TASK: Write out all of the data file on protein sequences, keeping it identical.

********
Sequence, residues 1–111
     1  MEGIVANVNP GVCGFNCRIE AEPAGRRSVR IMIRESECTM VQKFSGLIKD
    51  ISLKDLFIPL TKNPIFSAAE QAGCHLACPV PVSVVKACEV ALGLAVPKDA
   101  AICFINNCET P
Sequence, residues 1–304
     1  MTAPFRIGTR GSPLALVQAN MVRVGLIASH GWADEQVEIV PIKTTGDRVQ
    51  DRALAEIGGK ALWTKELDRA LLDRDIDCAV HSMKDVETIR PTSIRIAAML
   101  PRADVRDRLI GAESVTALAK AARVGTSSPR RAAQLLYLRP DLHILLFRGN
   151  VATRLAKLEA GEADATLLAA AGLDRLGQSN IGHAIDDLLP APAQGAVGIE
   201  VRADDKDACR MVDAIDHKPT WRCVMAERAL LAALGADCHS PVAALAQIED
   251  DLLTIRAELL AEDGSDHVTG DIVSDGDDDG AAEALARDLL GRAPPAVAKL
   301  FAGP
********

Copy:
Sequence, residues 1–111
     1  MEGIVANVNP GVCGFNCRIE AEPAGRRSVR IMIRESECTM VQKFSGLIKD
    51  ISLKDLFIPL TKNPIFSAAE QAGCHLACPV PVSVVKACEV ALGLAVPKDA
   101  AICFINNCET P
Sequence, residues 1–304
     1  MTAPFRIGTR GSPLALVQAN MVRVGLIASH GWADEQVEIV PIKTTGDRVQ
    51  DRALAEIGGK ALWTKELDRA LLDRDIDCAV HSMKDVETIR PTSIRIAAML
   101  PRADVRDRLI GAESVTALAK AARVGTSSPR RAAQLLYLRP DLHILLFRGN
   151  VATRLAKLEA GEADATLLAA AGLDRLGQSN IGHAIDDLLP APAQGAVGIE
   201  VRADDKDACR MVDAIDHKPT WRCVMAERAL LAALGADCHS PVAALAQIED
   251  DLLTIRAELL AEDGSDHVTG DIVSDGDDDG AAEALARDLL GRAPPAVAKL
   301  FAGP